Republican Sen. John McCain, Obama's opponent in last year's presidential election and one of the lawmakers expected at Tuesday's meeting, said he thinks it's critical that the administration avoid thinking of the insurgent Taliban and the al Qaeda terrorist network as separate issues.

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"If the Taliban returns, they will work with al Qaeda," he said on NBC television Tuesday morning. "It's just a historical fact. You can't separate the two. ... I strongly disagree with those who allege those are separate problems. They have worked together in the past and they will work together in the future."

Gates appealed Monday for calm amid the intense administration debate over the flagging war, and for time and privacy for the president to come to a decision. Gates' remarks stood as an implicit rebuke of the man he helped install as the top commander in Afghanistan, Gen. Stanley McChrystal, for lobbying in public for additional troops Obama may decide to forgo.

In two separate appearances Monday, Gates made the point that Obama needs elbow room to make strategy decisions about the war - as the internal White House debate goes increasingly public.

"It is important that we take our time to do all we can to get this right," Gates said at an Army conference. "In this process, it is imperative that all of us taking part in these deliberations civilians and military alike - provide our best advice to the president candidly but privately."

Later, speaking alongside Clinton in an interview taped for CNN, Gates praised McChrystal and said no matter what Obama decides the general will execute it faithfully.

Gates has not said whether he supports McChrystal's recommendation to expand the number of U.S. forces by as much as nearly 60 percent. He is holding that request in his desk drawer while Obama sorts through competing recommendations and theories from some of his most trusted advisers.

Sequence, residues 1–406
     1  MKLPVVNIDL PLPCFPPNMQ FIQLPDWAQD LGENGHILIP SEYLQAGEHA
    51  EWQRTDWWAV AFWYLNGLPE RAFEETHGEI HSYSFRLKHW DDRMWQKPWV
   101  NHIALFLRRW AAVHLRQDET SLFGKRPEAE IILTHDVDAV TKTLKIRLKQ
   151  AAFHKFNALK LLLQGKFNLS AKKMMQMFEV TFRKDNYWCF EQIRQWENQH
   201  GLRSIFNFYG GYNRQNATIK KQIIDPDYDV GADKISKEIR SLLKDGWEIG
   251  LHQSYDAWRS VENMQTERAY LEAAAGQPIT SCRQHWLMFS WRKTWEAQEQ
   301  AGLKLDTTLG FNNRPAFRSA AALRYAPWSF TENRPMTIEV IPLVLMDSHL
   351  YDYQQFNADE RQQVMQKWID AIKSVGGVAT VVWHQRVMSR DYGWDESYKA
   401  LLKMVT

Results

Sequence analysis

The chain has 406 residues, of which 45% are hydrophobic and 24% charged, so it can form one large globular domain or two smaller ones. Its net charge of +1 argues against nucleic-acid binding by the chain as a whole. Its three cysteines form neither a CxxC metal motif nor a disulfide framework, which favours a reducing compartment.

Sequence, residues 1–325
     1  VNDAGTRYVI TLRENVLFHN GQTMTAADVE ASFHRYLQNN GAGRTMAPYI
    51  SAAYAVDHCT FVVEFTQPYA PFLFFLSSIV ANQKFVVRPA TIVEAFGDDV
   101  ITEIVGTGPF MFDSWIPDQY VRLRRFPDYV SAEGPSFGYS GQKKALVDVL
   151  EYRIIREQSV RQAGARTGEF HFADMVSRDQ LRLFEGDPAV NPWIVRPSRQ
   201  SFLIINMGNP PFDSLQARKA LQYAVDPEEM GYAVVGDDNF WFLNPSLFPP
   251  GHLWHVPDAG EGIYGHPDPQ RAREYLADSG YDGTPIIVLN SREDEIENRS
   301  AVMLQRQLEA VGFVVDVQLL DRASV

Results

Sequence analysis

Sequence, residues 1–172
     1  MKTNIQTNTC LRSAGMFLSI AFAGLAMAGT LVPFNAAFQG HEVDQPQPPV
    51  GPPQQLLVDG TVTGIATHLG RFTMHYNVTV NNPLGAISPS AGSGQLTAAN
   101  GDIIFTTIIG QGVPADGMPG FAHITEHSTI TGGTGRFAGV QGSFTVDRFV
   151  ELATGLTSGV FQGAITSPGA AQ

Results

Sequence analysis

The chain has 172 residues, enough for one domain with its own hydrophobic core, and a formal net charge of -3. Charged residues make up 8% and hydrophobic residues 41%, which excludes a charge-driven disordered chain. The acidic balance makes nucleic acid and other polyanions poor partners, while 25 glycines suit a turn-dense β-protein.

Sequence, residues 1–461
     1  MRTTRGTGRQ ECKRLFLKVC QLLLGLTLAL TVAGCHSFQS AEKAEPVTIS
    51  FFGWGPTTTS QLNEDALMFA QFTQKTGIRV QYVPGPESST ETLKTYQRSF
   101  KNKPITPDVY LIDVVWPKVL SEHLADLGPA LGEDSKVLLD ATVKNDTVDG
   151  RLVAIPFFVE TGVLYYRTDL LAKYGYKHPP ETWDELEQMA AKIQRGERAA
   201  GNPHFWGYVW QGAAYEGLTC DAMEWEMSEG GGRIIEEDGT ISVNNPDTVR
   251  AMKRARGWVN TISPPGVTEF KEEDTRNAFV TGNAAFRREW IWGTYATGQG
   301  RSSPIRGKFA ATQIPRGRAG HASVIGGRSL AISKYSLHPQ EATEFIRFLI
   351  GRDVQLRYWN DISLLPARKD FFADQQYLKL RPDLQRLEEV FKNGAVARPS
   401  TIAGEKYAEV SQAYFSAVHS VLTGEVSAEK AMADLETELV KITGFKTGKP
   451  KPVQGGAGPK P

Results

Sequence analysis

Coming up on the "CBS Evening News": Afghanistan: The Road Ahead, an in-depth examination of the escalating conflict, airing this week at 6:30 p.m. ET.

CBSNews.com Special Report: Afghanistan

During the CNN session, Gates said, "Because of our inability and the inability, frankly, of our allies to put enough troops in Afghanistan, the Taliban do have the momentum right now."

The fierce Taliban attack that killed eight American soldiers over the weekend added to the pressure. The assault overwhelmed a remote U.S. outpost where American forces have been stretched thin in battling insurgents, underscoring the appeal from the top Afghanistan commander for as many as 40,000 additional forces - and at the same time reminding the nation of the costs of war.

In trying to blunt the impression that the White House and military are at odds, Gates did not name names. But his remarks came days after McChrystal bluntly warned in London that Afghan insurgents are gathering strength. Any plan that falls short of stabilizing Afghanistan "is probably a shortsighted strategy," the general said, and he called openly for additional resources.

That prompted Obama's national security adviser, retired four-star Gen. James Jones, to say Sunday that military advice is best provided "up through the chain of command."